Her analysis showed that the other two regions had a bounce rate of less than 5%, so there was obviously something wrong with the one region. She then flagged the issue to the team and they were able to take that data back to the supplier and renegotiate, basically saying ‘you've given us some leads that aren't of the right quality for us.’ That fast and data-driven approach impacted revenues, proved value, and improved performance.”
Vawter offered an example: “We worked with a company that hired a new CMO who set new expectations. Marketing would now need to measure and understand exactly what was working and what was not. And they had to do this in order to justify marketing spend. They’d been measuring last-touch for attribution, which was absolutely not going to cut it with the new CMO. So they needed the ability to measure every touch of the customer journey, and figure out which marketing channels and content were working in order to prove value and justify budget moving forward.
They worked with a vendor to integrate the technology into their existing platforms and modified all of their different processes. They also had to change mindsets because everybody was used to thinking about campaigns as opposed to touchpoints.
The result of all this effort was that they were able to measure every touch point of the customer journey. They had a fairly large budget and discovered that some of the spend was not performing well, while some was. Based on these insights, they shifted their budget and that improved performance immediately, by 30% in one paid channel. They were also able to see the impact of content at different stages of the funnel, which helped them improve content relevance and distribution.
The lesson here? MOPS is core to understanding the touchpoints across the customer journey and helping companies improve revenues.”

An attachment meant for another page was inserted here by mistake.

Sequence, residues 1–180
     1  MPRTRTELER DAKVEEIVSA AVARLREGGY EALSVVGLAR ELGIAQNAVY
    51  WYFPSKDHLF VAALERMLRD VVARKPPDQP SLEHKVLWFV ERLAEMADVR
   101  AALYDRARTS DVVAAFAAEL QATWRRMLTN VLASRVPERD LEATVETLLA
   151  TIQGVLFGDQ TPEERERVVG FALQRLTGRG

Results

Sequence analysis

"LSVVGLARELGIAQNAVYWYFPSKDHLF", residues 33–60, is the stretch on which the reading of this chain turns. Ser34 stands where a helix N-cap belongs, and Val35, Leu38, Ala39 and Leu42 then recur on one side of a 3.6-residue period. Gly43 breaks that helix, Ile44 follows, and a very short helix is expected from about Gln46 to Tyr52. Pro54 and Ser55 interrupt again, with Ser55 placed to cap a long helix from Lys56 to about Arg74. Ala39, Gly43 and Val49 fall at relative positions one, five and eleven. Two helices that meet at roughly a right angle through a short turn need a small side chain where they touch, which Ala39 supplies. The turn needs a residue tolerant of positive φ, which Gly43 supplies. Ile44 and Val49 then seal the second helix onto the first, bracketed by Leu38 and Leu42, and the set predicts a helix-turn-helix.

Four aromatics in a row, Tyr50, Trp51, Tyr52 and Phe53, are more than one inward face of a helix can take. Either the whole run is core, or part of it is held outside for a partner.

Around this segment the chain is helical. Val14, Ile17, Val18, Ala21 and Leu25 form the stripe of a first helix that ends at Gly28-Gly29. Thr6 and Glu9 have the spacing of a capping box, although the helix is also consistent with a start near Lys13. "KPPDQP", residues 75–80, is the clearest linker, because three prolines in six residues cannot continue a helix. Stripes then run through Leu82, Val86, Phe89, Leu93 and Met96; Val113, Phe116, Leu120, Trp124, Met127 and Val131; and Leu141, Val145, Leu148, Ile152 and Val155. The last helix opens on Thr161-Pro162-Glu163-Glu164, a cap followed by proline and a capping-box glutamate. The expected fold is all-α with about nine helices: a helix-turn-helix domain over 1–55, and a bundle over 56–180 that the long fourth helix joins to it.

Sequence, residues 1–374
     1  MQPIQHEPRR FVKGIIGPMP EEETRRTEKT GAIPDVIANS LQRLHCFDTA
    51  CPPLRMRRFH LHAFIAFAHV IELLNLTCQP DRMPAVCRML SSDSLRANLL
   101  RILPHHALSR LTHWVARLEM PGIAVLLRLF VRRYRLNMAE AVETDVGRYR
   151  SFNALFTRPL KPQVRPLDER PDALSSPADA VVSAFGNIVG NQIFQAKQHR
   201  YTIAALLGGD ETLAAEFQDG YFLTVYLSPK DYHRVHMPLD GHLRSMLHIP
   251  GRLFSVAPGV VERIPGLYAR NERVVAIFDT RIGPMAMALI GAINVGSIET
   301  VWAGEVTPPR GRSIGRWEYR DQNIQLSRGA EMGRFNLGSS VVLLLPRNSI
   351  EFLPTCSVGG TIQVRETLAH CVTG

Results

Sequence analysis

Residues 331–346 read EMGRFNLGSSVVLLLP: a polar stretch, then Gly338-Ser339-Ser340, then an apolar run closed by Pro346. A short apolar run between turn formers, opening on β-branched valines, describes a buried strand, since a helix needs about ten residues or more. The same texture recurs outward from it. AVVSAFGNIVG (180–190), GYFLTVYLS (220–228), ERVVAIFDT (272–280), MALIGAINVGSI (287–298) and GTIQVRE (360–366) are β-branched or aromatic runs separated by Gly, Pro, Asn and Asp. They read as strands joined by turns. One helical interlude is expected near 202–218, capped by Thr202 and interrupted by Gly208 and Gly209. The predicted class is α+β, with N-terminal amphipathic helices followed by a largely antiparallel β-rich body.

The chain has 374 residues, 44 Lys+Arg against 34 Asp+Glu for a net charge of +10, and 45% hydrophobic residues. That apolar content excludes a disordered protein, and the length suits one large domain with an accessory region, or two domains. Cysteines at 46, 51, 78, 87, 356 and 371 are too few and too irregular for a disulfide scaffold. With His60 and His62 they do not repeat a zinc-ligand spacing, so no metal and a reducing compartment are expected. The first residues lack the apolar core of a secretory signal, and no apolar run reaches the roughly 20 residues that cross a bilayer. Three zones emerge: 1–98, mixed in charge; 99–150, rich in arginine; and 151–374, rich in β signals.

What MOPS success looks like (Vawter)
“We started working with a client back in 2018,” said Vawter. “They had many challenges: (1) they had very limited capabilities, (2) they were in a large organization with lots of divisions, different products, and technology silos, (3) their marketing and sales teams worked completely separately, and (4) all the silos were causing confusion, duplication of effort, and lack of efficiency.
Over the course of two years, they were able to create a centralized center of enablement that all of their different marketers and sales people could go to for support. They built out a process for cross-team collaboration across data, leads, best practices, and thus dramatically reduced their time and cost for launching campaigns. They cleared up their lead management flows, and marketing and sales alignment happened.
As a result, they were able to increase their maturity to support more campaigns with more complexity, and became more aligned with their customer journeys. They made significant gains across multiple revenue measures, and were using their technologies to create better, more seamless customer experiences. A strong MOPS function was instrumental here to improve impact and revenue, as well as enhance the customer experience.”